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Caspases and Cancer.docx

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BIOL 3096
Joel Sheffield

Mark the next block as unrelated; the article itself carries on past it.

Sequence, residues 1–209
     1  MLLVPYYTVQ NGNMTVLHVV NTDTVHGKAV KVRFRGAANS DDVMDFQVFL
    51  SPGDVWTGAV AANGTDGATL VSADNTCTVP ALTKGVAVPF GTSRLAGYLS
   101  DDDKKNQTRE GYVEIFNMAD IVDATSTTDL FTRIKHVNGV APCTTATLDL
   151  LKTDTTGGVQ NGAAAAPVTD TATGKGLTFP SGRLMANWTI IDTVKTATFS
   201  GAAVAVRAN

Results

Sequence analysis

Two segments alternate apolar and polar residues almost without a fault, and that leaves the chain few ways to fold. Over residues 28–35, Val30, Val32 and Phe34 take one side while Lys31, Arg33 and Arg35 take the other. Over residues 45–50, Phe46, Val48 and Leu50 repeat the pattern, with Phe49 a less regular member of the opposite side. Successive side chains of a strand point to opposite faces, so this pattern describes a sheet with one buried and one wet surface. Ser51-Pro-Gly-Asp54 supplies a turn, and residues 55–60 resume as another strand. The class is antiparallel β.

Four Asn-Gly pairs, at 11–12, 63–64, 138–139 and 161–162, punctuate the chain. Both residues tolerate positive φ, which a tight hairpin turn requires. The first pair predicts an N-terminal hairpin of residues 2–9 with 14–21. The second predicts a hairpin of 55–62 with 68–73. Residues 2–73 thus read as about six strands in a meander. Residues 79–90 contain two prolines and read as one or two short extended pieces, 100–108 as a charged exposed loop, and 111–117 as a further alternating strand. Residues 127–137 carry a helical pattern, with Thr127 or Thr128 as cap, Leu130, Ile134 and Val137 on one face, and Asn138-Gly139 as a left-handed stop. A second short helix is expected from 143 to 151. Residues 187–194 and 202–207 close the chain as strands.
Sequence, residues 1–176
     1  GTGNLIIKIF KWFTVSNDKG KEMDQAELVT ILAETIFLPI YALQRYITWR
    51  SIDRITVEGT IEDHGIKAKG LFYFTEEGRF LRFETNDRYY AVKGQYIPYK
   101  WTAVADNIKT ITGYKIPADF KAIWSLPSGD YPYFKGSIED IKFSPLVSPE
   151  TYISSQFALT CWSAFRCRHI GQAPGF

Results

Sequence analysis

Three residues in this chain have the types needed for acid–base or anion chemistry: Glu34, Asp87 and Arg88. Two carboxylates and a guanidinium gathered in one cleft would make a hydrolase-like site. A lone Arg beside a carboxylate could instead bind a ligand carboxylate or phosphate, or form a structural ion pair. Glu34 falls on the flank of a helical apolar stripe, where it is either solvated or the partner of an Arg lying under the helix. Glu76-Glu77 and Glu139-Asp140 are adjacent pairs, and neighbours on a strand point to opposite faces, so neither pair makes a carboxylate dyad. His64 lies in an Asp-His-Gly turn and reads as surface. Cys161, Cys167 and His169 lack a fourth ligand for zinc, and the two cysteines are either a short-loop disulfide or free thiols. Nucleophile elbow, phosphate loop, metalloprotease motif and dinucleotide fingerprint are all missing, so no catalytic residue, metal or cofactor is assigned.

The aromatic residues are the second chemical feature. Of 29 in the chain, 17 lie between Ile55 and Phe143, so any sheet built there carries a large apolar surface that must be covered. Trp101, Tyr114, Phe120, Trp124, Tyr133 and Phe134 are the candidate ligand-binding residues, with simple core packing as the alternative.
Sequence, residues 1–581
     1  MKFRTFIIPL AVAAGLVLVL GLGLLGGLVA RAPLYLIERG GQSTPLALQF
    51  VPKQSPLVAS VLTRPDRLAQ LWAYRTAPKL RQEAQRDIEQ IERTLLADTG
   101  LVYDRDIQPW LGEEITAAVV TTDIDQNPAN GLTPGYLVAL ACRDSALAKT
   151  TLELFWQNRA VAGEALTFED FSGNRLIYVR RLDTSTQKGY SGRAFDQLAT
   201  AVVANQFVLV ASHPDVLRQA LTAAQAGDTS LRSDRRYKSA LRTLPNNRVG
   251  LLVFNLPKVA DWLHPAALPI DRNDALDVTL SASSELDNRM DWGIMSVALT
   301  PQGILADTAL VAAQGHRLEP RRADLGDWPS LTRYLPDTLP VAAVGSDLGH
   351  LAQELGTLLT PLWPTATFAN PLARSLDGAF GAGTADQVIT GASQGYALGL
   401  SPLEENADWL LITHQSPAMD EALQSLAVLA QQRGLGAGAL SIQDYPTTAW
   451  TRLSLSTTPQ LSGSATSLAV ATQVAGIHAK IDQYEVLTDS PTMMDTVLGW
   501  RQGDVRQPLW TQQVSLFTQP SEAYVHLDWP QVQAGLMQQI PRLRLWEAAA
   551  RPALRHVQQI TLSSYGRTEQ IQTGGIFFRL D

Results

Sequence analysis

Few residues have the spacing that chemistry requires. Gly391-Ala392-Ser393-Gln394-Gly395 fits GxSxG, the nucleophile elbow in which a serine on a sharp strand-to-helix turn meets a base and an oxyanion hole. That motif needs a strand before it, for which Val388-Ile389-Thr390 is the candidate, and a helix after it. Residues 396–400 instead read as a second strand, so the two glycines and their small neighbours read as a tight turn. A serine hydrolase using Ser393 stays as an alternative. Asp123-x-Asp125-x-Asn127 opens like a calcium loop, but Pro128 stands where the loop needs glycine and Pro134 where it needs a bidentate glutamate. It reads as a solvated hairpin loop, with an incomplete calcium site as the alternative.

Lecture 39 – Caspases and Cancer December 2, 2013 (Definition): Caspases, or cysteine-aspartic proteases or cysteine-dependent aspartate-directed proteases are a family of cysteine proteases that play essential roles in apoptosis (programmed cell death), necrosis, and inflammation. Caspases are essential in cells for apoptosis, or programmed cell death, in development and most other stages of adult life, and have been termed "executioner" proteins for their roles in the cell. Some caspases are also required in the immune system for the maturation of lymphocytes. Failure of apoptosis is one of the main contributions to tumor development and autoimmune diseases; this, coupled with the unwanted apoptosis that occurs with ischemia or Alzheimer's disease, has stimulated interest in caspases as potential therapeutic targets since they were discovered in the mid-1990s. Caspases • Cysteine Endopeptidases – meaning that they are enzymes that cleave peptides at a cysteine followed by an aspartic acid residue. • These caspases become active after a proteolytic cleavage on their inactive precursor yields large and small subunits that form the enzyme. • One caspase can be the proteinase of the next caspase, eventually a final caspase cleaves DNA sequences. • Because there are a number of caspases in the pathway, there is amplification, so DNAat the end of the pathway can be cleaved at a large scale. Apoptosis in Development • Retinal ganglion cells project into the brain, but if they do not form active synapses, i.e. they don't go into the right area of the brain, the neurons die. Thus there are many more embryonic neurons than in the mature creature. • Adrenal Tumors often disappear by themselves because they are composed of neural tissue and die off when they don't form the correct synapses. Sometimes however, the tumor doesn't dissipate. • Extrinsic Pathway - In cells there are death domains (e.g. tumor necrosis factor), which are receptors that activate caspase synthesis. • Intrinsic Pathway – Members of the Bcl2 family (originally discovered in B-cell leukemia) either inhibit or trigger Apoptosis. ◦ Bcl2 proteins, when activated, create pores in the outer mitochondrial membrane. ◦ This causes the release of cytochr
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